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Editorial: Override muddles mission of Hawaii Tourism Authority

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Established by state law in the late 1990s, much of the Hawaii Tourism Authority’s work has zeroed in on marketing the islands as a go-to destination for travelers. But in recent years, rising concerns about over-tourism and sustainability — the big-umbrella term for the industry’s effect on the environment and local communities as well as the economy — had HTA widening its stated focus to “destination management.”

In 2020, the agency unveiled a strategic plan for tackling valid concerns that became more conspicuous during pre-COVID years of record-breaking tourism. Among them: growing infrastructure burdens, overcrowded beaches and hiking trails and illegal vacation rentals.

Now, due to Tuesday’s misguided override vote cast by state lawmakers, HTA’s ability to lead Hawaii’s ongoing recovery from the COVID-19 pandemic with a more balanced and cohesive tourism approach is severely weakened. House and Senate members voted by two-thirds majorities to override Gov. David Ige’s veto of the flawed House Bill 862.

That creates a new law that will take away the HTA’s dedicated funding source, and cuts its current annual budget from $79 million to $60 million in federal pandemic relief funds. It also eliminates a procurement exemption, which has afforded the agency nimbleness to effectively respond to fast-moving tourism-related challenges and trends. Now, like most other state agencies, HTA must get state approval at each turn on future contracts and purchases.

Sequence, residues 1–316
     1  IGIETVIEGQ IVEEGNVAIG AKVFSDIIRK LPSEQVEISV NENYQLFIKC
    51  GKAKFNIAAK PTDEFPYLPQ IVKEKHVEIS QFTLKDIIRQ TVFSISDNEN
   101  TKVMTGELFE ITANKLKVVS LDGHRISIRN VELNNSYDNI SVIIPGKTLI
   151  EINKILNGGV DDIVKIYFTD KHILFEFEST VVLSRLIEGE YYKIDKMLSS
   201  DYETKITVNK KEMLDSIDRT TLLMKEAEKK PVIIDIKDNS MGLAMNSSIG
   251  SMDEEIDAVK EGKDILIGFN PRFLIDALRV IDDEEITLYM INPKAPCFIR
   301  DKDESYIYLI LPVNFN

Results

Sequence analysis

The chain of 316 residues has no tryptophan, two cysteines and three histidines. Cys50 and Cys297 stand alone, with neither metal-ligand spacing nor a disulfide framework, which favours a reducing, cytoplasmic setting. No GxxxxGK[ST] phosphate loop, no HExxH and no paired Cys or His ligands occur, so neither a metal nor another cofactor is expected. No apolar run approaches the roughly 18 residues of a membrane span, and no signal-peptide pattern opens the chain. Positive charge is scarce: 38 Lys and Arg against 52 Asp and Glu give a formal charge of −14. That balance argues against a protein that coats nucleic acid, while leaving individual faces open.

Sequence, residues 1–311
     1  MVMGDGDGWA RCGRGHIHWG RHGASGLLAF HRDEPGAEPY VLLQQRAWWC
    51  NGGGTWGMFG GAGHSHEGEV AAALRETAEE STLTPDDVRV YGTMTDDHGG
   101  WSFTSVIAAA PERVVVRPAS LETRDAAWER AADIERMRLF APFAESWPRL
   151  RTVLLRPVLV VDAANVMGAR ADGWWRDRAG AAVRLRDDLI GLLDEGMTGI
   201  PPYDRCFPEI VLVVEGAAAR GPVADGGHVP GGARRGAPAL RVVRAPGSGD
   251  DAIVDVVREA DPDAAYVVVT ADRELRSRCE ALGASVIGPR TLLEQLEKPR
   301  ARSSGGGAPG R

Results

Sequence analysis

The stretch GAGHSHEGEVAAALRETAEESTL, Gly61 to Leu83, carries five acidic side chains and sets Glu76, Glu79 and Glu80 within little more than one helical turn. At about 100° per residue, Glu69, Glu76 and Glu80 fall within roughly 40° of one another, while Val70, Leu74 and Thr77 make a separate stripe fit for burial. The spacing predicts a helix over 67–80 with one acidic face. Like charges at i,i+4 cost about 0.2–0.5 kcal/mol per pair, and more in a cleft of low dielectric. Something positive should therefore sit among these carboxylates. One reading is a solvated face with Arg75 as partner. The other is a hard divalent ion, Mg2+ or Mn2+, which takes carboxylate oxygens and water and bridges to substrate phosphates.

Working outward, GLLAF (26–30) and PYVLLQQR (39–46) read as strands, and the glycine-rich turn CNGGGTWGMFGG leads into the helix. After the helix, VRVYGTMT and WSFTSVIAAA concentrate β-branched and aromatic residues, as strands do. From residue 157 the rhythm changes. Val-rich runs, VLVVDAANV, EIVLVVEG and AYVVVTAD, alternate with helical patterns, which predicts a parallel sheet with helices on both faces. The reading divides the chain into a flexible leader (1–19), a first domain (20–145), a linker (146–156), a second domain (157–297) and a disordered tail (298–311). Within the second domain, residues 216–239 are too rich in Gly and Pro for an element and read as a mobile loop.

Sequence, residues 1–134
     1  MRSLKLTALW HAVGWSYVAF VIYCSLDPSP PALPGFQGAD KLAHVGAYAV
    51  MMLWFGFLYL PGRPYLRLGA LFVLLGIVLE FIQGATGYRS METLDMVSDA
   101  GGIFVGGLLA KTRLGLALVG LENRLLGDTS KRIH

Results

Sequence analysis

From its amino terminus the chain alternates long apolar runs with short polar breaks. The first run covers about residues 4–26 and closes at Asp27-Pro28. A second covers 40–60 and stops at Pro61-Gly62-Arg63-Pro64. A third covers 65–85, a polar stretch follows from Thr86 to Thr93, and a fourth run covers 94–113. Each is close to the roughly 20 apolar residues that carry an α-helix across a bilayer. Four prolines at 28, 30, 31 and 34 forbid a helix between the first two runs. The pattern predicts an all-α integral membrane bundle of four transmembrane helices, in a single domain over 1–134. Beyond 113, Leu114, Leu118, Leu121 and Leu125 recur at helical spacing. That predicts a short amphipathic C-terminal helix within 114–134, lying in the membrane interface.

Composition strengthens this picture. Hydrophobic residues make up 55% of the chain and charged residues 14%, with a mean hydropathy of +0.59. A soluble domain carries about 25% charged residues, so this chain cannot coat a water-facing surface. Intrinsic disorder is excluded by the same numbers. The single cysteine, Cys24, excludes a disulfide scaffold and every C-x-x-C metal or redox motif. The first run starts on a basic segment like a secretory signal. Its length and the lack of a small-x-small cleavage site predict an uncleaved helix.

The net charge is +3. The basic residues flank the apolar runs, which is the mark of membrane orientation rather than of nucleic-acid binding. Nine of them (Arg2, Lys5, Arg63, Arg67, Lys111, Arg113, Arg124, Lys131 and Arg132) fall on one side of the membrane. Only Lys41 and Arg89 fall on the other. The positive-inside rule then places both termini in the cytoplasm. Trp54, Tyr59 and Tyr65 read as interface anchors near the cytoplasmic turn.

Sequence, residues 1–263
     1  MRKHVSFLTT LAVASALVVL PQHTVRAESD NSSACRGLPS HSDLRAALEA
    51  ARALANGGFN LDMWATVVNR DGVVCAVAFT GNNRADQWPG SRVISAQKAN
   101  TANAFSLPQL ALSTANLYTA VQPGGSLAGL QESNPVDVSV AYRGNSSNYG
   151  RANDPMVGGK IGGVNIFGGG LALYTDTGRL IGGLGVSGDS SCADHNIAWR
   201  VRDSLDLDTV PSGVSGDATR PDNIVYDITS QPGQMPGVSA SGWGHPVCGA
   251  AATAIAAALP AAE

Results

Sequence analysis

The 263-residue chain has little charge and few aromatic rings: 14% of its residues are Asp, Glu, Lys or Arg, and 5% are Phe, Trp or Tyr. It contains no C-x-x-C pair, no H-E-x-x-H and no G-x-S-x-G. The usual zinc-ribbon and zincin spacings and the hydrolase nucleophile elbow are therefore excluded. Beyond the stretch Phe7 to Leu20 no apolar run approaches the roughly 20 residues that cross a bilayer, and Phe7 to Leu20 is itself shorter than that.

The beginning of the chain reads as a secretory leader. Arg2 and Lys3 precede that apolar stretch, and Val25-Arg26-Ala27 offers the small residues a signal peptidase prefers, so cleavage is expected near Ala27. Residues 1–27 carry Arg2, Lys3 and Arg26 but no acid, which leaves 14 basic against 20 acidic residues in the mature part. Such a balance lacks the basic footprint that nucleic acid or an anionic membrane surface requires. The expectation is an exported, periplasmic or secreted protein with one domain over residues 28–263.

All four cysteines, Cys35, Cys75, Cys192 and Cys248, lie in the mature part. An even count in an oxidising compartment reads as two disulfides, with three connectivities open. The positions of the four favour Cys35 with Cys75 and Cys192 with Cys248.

In addition, through the measure, the state seizes a total of $103 million in transient accommodations taxes that would have gone to the counties. In lieu of this annual portion of hotel tax dollars, counties may adopt a 3% surcharge on visitor accommodations — on top of the state’s 10.25% hotel tax.

Initially, lawmakers appeared to have advanced HB 862, in part, to help stabilize state finances, which were dismal at the start of the 2021 legislative session due to the virtual shutdown of the tourism industry. But with significantly brighter economic projections this spring, the continued hard push for the bill has the unseemly look of a money grab and micromanagement.

House Finance Chairwoman Sylvia Luke said the Legislature is leading the way toward better balance by expanding the reach of the hotel tax and other fees as a means to ensure that tourists are charged for “their share” of resources they use. “It’s all part of a sustainable management plan that the Legislature has already started. … To rely on HTA to come up with these solutions at some later point is not the right thing. The time has already passed.”

While more revenues flowing toward sustainability goals are welcome, diminishing and muddling HTA’s role during this critical period of economic recovery is a mistake. Among HTA’s current priorities is mitigation of resident-visitor “friction points” to create lasting compatibility in affected communities. Some, such as a successful reservation-voucher system installed at Haena State Park in 2019, require a strong lead agency and years-in-the-making effort.

While lawmakers seem to support HTA’s clear ambition to build destination management around the pillars of natural resources, Hawaiian culture, community and brand marketing, the last-minute gut-and-replace action that delivered HB 862’s final draft offered scant direction. Moving forward, in addition to selling Hawaii to travelers while balancing local concerns, the agency must fully articulate its worth to the Legislature.

In all, both legislative chambers on Tuesday overrode five of Ige’s 26 vetoes. Also among them was Senate Bill 811, which requires the state to disclose which public schools have COVID-19 cases. On this matter, enacting this new law will rightly place communitywide public health concerns over assertions of school-specific privacy needs.

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